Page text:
However, from the second match on, there was no high press and no speed in the team. Spain looked boring as hell against Iran and Morocco, and absolutely awful for most of the match against Russia. When you watch other teams play in the last-16 round, it seems like they play a different sport.
That may have to do with the players or the coach, but the fact is that the team has not been the same as it was during the qualifying stage or that half an hour of the Portugal match. And the matter is that there was an overdose of positional players with only one option to move forward, Costa, an option that they ignored at least five times in the first half of the Russia match. He’s not the type of player they understand, or perhaps they needed another forward to mix it up a bit. But until Rodrigo and Aspas joined the team, Russia seemed comfortable enough defending and no-one could see how Spain could break the defence.
Is this the coach’s responsibility? At certain points, the lack of time that Hierro had with his players became obvious. Who should take corners? Isco, Asensio and Koke kept arguing among themselves while a desperate Hierro tried to give instructions from the bench. Did Hierro need to keep a back four when Russia had one striker and one offensive midfielder, and they barely crossed the midfield line?
Yes, Hierro could have done some things differently, but this line-up with these same substitutions should have defeated Russia anyway. The biggest disappointment of this match is the players, the group that seemed a sensible mixture of experience and youth, but who played in such a self-contained, harmless, frustrating manner.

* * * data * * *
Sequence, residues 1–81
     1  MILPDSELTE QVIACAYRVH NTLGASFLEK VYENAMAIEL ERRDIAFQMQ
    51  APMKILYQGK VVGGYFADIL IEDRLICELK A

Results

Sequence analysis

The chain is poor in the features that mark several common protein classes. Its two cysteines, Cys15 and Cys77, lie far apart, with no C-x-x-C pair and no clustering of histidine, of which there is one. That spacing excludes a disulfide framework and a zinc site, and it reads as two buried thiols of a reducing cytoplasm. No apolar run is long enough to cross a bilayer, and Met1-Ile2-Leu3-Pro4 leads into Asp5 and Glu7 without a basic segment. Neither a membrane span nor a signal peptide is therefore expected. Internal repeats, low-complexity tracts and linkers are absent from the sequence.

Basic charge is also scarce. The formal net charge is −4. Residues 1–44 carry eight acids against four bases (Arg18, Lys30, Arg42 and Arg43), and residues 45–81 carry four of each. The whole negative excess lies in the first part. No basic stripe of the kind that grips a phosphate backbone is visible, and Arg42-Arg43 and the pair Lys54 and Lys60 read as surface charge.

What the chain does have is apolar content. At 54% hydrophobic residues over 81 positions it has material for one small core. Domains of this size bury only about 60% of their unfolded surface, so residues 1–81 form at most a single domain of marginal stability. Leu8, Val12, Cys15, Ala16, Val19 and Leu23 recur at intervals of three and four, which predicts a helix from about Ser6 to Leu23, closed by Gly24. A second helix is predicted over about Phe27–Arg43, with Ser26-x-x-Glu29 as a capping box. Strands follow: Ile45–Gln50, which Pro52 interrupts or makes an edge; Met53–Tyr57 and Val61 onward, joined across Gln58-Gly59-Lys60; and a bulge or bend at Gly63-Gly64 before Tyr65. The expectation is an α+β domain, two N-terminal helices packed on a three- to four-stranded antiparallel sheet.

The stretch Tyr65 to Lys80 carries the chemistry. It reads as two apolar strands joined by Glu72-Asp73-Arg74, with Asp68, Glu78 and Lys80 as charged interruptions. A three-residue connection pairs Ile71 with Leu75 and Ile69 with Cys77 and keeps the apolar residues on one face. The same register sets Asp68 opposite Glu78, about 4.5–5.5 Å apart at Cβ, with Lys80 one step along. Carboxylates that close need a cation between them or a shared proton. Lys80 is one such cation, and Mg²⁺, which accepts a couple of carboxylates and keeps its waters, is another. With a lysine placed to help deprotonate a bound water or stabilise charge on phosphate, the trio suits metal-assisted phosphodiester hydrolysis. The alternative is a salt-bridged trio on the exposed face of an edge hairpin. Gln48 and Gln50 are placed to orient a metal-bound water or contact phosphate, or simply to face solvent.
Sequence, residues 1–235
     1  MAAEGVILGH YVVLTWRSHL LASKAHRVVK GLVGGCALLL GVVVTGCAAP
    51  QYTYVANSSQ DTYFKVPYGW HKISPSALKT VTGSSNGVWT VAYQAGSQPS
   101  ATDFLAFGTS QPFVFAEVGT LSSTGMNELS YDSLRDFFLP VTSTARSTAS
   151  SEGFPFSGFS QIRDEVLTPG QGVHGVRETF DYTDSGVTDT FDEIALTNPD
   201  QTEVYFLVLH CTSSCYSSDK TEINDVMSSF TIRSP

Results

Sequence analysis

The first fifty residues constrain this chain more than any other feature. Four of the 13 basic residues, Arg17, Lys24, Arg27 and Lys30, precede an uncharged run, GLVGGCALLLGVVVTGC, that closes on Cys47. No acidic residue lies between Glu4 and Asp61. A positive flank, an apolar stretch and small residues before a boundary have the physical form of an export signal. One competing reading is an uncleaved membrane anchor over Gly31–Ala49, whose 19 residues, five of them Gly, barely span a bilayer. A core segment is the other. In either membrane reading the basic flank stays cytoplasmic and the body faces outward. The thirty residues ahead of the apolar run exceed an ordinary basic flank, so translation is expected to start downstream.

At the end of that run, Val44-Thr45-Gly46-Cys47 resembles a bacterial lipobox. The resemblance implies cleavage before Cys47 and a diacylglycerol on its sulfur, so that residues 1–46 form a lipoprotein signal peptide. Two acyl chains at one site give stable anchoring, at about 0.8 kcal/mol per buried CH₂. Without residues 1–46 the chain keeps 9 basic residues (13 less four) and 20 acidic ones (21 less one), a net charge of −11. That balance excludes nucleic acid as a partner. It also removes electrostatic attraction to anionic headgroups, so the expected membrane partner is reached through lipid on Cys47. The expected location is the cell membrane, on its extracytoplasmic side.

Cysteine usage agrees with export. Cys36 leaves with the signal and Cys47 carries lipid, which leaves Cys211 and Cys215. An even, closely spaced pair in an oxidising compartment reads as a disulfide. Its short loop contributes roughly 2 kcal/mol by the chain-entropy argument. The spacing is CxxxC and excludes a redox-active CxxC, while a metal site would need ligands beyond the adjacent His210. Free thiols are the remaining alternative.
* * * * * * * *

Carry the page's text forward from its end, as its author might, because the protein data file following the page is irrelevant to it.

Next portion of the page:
This match should have ended well before the penalties, so I can’t blame Koke or Aspas for missing from the spot, or De Gea for not having saved a single shot. One does wonder about Koke getting the nod from Hierro when Costa was telling the coach not to use his team mate in the shootout, but perhaps Lopetegui might have had this better prepared than Hierro.
In fact, it’s obvious that Lopetegui could have done some things much better than Hierro. He’d studied the rivals, had coached different in-match situations, had some levers to change the situation of a specific match, so yes, changing the manager wasn’t a productive decision by president Rubiales. But again, this group of players should have defeated Russia with Phil or myself on the bench. What was missed wasn’t skill or will, but dare, boldness, some audacity. That is why elimination is so disappointing.
What is next? Well, it now seems like Rubiales was discussing Hierro’s replacement on the plane back home with a few journalists. Luis Enrique, Michel… The names do not matter. The challenge is to recover the attitude of the squad, something that needs a very special character, along the lines of the old Luis Aragones.
In the meantime, my bitter forecast is that Lopetegui will be out of a job by Christmas, wondering what could have been had he not taken that call from Florentino.